PUBLISHED:September 12, 2010

Faculty collaborate for paper on intellectual property rights and climate change technology

In a forthcoming paper, Duke professors Jerome Reichman, Arti Rai, Jonathan Wiener, and Richard Newell examine the application of intellectual property rights (IPRs) to emerging technologies intended to curb the emission of greenhouse gases, such as biofuels, photovoltaic solar power, wind power, and hybrid cars. The paper, "Intellectual Property and Alternatives: Strategies for Green Innovation," was commissioned by Chatham House, a leading international policy research institute.

The authors find that the evolution of those existing technological innovations gives some clues as to how IPRs could hinder or promote healthy growth in green technology, but that specific mechanisms to ensure that growth will be hard to identify until international regulatory bodies reach agreements over how to price carbon. In the meantime, says Reichman, continuing to take a hard look at the patent system is vital.

“We want to think about patents because we don’t want to be 'Pollyannas,”' Reichman says. “We have to acknowledge that problems could happen stemming from the patent system. And we also need to examine the patent system because right now, in the absence of any external agreements on a carbon tax or some other method of pricing, patents are the horse that is drawing the cart. It is helping to drive the innovation in this kind of technology.”

Global interest in green technology has been rising steadily for more than 10 years and has been accompanied by an explosion in related patent applications, says Reichman, the Bunyan S. Womble Professor of Law and principal author of the paper. One study, he adds, showed that the rate of climate change innovation exceeded the aggregate rate of innovation in all other technologies by nine percent between 1998 and 2003. The discourse on IPRs has grown significantly since the Duke quartet began writing for Chatham House two years ago, he says. “When we began writing, there was almost no literature out there, and now there is too much, so we’re trying to get some perspective on it.”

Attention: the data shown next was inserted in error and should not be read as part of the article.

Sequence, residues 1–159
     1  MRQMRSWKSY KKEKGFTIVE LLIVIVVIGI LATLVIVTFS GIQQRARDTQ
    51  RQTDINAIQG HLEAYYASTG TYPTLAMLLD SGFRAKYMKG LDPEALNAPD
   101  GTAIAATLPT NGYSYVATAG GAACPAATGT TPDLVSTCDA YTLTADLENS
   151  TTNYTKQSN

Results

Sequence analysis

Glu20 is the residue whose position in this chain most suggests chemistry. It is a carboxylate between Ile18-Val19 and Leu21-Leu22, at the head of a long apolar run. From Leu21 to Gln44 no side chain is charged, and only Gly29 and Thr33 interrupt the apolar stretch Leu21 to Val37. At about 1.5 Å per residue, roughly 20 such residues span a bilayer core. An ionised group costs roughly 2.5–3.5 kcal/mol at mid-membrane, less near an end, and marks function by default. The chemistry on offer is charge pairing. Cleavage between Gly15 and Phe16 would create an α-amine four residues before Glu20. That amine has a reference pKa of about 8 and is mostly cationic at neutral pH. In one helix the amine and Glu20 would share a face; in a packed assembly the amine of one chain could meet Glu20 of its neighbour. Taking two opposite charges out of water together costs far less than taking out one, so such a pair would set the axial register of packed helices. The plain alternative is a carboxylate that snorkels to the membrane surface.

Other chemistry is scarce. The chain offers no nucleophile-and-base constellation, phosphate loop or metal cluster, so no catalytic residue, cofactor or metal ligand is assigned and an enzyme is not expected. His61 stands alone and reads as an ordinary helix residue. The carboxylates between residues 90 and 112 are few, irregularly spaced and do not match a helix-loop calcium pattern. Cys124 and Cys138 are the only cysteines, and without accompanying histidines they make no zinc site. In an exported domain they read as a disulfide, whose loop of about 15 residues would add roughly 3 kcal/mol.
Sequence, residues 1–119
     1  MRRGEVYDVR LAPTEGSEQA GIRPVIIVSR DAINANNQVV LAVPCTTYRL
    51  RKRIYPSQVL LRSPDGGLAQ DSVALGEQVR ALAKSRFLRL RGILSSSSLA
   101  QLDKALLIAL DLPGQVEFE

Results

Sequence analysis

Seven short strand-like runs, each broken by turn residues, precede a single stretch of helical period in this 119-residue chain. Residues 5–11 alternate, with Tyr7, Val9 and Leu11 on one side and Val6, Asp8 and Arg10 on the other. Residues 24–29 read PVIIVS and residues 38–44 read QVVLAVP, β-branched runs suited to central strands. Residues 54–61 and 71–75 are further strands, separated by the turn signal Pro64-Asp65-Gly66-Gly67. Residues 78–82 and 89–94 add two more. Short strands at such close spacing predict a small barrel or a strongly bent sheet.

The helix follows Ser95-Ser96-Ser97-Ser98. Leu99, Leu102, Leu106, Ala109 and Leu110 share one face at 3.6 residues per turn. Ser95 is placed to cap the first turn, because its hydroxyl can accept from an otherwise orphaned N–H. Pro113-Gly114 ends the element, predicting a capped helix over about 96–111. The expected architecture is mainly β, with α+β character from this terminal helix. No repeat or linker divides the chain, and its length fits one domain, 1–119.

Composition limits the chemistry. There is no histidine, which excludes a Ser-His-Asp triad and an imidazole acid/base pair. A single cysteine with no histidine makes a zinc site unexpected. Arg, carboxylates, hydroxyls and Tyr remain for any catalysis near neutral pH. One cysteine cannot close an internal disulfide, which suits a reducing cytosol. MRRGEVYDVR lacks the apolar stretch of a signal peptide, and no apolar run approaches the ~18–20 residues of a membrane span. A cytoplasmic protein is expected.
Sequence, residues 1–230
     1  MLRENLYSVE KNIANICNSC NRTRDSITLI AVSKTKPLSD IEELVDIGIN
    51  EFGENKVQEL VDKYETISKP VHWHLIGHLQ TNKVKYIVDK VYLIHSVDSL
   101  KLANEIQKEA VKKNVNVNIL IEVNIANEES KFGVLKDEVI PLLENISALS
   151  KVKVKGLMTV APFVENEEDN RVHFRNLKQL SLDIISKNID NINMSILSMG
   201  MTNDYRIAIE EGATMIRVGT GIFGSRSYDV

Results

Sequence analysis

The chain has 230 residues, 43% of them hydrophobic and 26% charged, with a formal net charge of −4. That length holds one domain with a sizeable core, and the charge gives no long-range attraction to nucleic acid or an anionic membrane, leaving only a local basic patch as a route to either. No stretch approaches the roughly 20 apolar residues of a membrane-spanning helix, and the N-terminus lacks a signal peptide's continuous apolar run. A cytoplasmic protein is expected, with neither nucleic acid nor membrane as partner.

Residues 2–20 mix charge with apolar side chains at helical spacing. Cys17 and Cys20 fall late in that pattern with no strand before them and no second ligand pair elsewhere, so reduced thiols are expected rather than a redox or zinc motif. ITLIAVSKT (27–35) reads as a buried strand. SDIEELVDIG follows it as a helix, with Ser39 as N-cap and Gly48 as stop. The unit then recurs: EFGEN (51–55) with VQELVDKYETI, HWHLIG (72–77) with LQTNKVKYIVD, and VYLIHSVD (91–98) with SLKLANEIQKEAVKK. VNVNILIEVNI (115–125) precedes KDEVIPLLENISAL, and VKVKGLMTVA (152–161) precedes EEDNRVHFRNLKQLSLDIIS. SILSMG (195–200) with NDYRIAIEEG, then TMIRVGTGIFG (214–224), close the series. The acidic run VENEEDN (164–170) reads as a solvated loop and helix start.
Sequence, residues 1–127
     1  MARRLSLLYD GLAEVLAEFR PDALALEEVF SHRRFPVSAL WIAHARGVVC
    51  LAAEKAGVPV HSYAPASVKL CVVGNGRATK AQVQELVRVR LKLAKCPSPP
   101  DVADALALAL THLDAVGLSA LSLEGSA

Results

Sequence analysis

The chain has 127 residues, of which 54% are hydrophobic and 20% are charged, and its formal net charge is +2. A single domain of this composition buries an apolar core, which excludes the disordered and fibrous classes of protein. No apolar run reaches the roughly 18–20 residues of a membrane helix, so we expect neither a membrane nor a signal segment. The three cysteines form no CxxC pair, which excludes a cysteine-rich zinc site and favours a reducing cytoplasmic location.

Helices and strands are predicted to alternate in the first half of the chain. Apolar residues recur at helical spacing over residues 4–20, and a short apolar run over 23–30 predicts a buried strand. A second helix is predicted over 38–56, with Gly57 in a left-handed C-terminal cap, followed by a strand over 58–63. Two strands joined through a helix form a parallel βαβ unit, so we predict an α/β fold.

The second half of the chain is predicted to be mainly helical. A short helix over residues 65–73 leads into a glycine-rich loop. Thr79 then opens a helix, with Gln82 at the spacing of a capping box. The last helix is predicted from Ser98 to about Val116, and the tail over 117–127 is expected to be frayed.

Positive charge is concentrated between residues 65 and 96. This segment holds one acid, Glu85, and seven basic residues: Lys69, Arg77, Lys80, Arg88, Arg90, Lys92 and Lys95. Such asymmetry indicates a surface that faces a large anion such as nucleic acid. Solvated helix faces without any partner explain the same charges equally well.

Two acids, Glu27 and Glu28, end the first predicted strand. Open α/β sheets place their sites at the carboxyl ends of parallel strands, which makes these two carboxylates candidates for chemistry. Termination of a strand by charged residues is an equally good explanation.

The international dialogue on green technology IPRs also has become contentious, he says, pointing to the lead-up to the United Nations Climate Change Conference held in Copenhagen in December 2009. “Intellectual property became a deal-breaking component,” he says. “You had resolutions of Congress saying ‘Don’t touch our intellectual property.’ You had resolutions of developing countries about the obstacle that intellectual property was going to create. It became quite a brouhaha.”

Green technology vital to global greenhouse gas reduction
Fostering innovation that will lead to efficient green technologies is essential to reducing the cost of global goals regarding the emission of greenhouse gases, write Reichman and his colleagues.

“Modeling scenarios of cost-effective global climate mitigation policy suggest that … the cost of greenhouse gas mitigation through 2050 is … an annualized cost in the tens to hundreds of billions per year,” they write.

Investment in broad-based research and development for green innovation is crucial to keeping those costs as low as possible, they argue. “One study finds that if we were limited to technologies available in 2005, the present value cost of achieving [greenhouse gas reduction goals] would be over $20 trillion greater than with expected developments in energy efficiency, hydrogen energy technologies, advanced bioenergy, and wind and solar technologies.”

Intellectual property rights can encourage innovation — or hamper it
The researchers survey existing technologies to gauge the effects of patents and patent alternatives, finding an array of possibilities.

In the biotechnology industry, they find that patents appear to help small firms attract venture capital. Patents also seem to correlate with increased value in large, publicly traded firms in the pharmaceutical and medical-device sector.